David Louis Edelman David Louis Edelman

Progress Bars and Technological Progress

There’s a dialog box that appears in certain Microsoft products which caught my attention recently. It’s a progress indicator, one of those long horizontal bars that fills up as the computer gets closer to completing a task. The label underneath this particular bar comes straight out of Monty Python: This may take up to 1 minute or longer.

So, it could take any length of time then, as long as it’s not exactly one minute. Twelve seconds fits this description, as does 35 years.

Lest you think I’m going to start Microsoft bashing, let me say upfront that this is indicative of a wider phenomenon that goes way beyond Microsoft. I’ve wrestled with the best way to express this (I’m in the midst of writing a trilogy of novels about it), and here’s the best description I can come up with right now: We tend to stop seeing our technological tools as a means to accomplish something, and instead see them as an end in themselves.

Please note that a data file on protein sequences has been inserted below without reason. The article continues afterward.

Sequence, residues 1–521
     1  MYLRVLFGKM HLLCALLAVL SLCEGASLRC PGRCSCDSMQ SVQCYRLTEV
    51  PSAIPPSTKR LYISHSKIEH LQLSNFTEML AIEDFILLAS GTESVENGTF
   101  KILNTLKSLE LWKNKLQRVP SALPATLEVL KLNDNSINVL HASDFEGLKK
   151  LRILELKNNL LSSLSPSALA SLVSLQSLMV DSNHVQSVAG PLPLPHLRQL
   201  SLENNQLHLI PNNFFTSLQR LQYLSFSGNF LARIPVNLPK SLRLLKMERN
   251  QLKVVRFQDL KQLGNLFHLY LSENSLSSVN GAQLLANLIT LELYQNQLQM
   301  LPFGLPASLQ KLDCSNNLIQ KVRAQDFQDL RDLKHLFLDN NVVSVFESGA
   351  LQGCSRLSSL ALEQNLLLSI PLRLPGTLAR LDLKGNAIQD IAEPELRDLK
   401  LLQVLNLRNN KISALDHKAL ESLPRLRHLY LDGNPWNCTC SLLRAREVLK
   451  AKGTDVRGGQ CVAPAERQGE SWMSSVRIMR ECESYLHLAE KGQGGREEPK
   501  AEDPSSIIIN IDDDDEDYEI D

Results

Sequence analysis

By we, I mean mostly Westerners, and by Westerners, I mean mostly Americans. We spend long amounts of time shopping for our technological tools, fixing our technological tools, enhancing our technological tools. Our cars, which were originally designed to get us to a particular destination, have become destinations themselves. We treat computers like toys to play with instead of productivity tools that help us achieve some other goal — like writing a novel or communicating with someone else or retrieving information.

(Note that I’m attaching no particular moral judgment to all this, just making observations.)

The development of the computer progress bar makes an interesting case in point. I find it a fascinating paradox that as computer software progresses, the progress bar itself has regressed. What was once a simple visual cue has become, in many cases, a useless ornamentation that no longer serves any useful function whatsoever.

Let’s start with the basics. The basic progress bar on a computer serves three main purposes:

  1. To give you a visual indication of the computer’s progress on a particular task
  2. To tell you what task the computer is working on
  3. To assure you that the computer has not frozen up